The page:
The Jaombilo of Tamatave (Madagascar), 1992-2004: Reflections on Youth and Globalization

By Cole, Jennifer | Journal of Social History, Summer 2005 | Go to article overview

The Jaombilo of Tamatave (Madagascar), 1992-2004: Reflections on Youth and Globalization


Cole, Jennifer, Journal of Social History


Both anthropologists and historians have devoted a great deal of attention to the concept of adolescence, but they have done so in markedly different ways. Drawing in large measure on assumptions about adolescence taken from developmental psychology, anthropologists have implicitly assumed that adolescence is a universally identifiable stage of life. The single most famous study of adolescence in a "primitive" society by Margaret Mead self-consciously set out to demonstrate that the psychological content of this age period was a cultural construction. (1) However she never questioned its universal existence, a pattern that is replicated in research even today. (2) By contrast, historians of the life cycle have emphasized the historical contingency of adolescence as a life stage, pointing to the ways that economic circumstances and social institutions such as the family and education have played a decisive role in the emergence of this category and its variable presence depending upon such factors as gender and social class. (3)

It is an interesting historical fact that when G. Stanley Hall made the term "adolescence" a household word, he was referring to an age period spanning the years from 14-25. (4) Yet not only Mead but also virtually all psychological and anthropological scholarship on adolescence has focused on the years from 12-18. Within psychology, it was not until 1970, when Kenneth Kenniston proclaimed the emergence of youth as a "new" stage of life, that psychologists' attention began to focus on the latter age range identified by Hall. (5) Yet within other disciplines the period of "youth," used to refer to this older age range, had never been ignored. For example, the social historian Paula Fass documented the emergence of a distinctive American youth culture associated with college educated elites during the 1920's, and sociologists of the Birmingham school have examined the role of youth subcultures arising to deal with class contradictions in post World War II Britain. (6) A distinctive feature of both of these lines of scholarship is their emphasis on the commercial basis of youth culture, particularly their focus on the emergence of youth culture in the context of rising affluence and the development of consumer society. Ironically, it was this historically constituted conceptualization of youth that was enshrined and dehistoricized in Erik Erikson's famous formulation of youth as a time of moratorium. (7)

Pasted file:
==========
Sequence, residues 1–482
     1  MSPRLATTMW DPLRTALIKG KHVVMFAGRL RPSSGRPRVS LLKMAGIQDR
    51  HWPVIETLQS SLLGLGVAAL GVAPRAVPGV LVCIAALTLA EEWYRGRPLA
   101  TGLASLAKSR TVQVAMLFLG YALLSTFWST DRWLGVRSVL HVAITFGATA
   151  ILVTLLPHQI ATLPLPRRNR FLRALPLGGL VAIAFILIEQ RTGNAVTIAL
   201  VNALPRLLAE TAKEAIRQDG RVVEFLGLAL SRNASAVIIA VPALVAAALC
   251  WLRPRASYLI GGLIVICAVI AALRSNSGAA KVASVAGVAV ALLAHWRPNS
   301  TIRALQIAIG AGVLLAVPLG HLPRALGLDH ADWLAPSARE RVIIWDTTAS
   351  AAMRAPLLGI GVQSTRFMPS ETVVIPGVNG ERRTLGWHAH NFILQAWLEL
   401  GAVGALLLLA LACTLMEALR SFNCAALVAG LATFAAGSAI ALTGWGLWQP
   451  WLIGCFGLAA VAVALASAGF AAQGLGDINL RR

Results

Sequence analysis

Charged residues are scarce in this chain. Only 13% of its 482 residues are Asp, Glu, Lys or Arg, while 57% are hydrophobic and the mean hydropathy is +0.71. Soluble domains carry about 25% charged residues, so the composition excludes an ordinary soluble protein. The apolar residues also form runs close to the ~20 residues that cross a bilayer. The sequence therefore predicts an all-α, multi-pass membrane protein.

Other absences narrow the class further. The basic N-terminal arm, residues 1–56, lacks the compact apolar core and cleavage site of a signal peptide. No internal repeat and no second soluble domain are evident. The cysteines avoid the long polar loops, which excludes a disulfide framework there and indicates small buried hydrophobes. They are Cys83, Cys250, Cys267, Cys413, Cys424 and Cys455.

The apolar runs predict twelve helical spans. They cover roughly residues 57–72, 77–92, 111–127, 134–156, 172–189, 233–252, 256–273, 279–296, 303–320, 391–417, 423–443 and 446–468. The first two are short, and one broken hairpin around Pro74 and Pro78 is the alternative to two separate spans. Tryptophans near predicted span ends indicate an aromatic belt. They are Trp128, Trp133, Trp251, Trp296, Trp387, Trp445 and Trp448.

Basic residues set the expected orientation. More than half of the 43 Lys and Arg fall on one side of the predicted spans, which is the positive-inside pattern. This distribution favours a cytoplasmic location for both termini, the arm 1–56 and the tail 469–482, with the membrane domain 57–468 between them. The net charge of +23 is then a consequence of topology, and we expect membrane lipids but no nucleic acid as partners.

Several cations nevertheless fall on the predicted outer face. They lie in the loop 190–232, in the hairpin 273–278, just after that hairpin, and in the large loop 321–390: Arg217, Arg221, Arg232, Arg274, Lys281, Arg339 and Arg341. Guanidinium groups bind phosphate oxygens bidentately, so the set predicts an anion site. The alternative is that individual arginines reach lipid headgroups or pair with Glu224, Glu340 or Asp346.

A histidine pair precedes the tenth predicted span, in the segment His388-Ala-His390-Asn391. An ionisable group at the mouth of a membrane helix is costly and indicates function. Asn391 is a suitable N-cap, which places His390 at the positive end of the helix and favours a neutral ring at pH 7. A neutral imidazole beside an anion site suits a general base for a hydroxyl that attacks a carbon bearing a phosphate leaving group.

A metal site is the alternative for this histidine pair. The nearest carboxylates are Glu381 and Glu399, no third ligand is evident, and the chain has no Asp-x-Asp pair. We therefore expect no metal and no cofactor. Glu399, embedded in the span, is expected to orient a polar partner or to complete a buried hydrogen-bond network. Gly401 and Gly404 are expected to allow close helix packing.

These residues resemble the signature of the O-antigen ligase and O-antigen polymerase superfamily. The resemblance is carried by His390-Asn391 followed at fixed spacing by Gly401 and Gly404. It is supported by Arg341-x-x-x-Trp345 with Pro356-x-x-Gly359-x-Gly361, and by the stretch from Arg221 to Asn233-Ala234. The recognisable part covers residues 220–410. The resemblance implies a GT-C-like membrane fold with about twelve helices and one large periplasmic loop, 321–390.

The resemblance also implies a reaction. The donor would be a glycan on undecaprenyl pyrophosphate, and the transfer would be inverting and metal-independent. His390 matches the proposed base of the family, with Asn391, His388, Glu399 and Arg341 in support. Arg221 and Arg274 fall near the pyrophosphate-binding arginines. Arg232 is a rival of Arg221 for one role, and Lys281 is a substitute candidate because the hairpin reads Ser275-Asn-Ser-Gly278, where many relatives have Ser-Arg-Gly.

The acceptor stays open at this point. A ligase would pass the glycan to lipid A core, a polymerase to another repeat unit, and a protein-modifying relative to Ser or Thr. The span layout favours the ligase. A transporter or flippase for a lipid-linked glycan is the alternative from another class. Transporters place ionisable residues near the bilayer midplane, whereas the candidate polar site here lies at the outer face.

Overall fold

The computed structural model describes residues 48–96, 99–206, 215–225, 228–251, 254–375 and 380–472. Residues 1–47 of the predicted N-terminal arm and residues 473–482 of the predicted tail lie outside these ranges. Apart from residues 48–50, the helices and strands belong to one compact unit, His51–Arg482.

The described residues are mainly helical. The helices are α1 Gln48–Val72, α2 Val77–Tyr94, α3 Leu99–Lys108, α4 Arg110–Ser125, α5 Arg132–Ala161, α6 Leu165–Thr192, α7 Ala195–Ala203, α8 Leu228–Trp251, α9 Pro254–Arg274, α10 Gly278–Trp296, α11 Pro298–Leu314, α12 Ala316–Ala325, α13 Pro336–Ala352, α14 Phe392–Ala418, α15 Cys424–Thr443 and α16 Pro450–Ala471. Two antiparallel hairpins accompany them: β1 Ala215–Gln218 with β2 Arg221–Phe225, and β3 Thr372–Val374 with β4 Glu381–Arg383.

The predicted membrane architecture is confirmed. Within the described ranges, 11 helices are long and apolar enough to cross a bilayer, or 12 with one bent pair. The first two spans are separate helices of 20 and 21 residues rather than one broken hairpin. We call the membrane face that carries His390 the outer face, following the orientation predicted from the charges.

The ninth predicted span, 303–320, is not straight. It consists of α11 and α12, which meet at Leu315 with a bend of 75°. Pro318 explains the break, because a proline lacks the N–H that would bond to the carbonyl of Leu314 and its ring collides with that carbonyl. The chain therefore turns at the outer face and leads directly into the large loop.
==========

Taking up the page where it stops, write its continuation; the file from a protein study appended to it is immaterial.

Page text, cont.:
As the liberalization of markets and increased flow of consumer goods and information have reorganized both relations between different parts of the globe and within local communities, youth--and young people more generally--have emerged as a major social force. (8) Whether one is reading newspaper accounts of child soldiers in West Africa, youth killing for a pair of Nike shoes, young women from the former Soviet Republics involved in the sex trade, or the emergence of a new commercially based youth culture in post-socialist Vietnam, the social and economic processes associated with globalization have heightened the visibility of youth in the public domain. In response, scholars have turned their attention to the study of youth and globalization. (9) In so doing, however, they have drawn on assumptions taken from the older writing on adolescence and youth that first emerged in the context of specific historical, social and economic conditions that gave rise to modern consumer society in the West. The result has been a troubling tendency to import prior ideas about adolescence and youth into the new historical context. Instead, we need to understand the ways in which new kinds of people--including new kinds of youth--emerge from the dislocation and reconfiguration caused by the confrontation between local, established categories of personhood and the new contexts produced by social and economic globalization. (10)

Three problems in the literature on youth and globalization are particularly relevant to my focus here. …

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